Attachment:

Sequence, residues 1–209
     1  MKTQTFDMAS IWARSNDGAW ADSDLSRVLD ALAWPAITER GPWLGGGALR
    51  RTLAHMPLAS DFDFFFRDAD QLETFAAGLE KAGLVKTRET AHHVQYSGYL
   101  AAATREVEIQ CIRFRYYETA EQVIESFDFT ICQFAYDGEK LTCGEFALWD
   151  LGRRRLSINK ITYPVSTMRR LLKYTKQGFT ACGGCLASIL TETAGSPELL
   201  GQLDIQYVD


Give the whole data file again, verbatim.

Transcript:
Sequence, residues 1–209
     1  MKTQTFDMAS IWARSNDGAW ADSDLSRVLD ALAWPAITER GPWLGGGALR
    51  RTLAHMPLAS DFDFFFRDAD QLETFAAGLE KAGLVKTRET AHHVQYSGYL
   101  AAATREVEIQ CIRFRYYETA EQVIESFDFT ICQFAYDGEK LTCGEFALWD
   151  LGRRRLSINK ITYPVSTMRR LLKYTKQGFT ACGGCLASIL TETAGSPELL
   201  GQLDIQYVD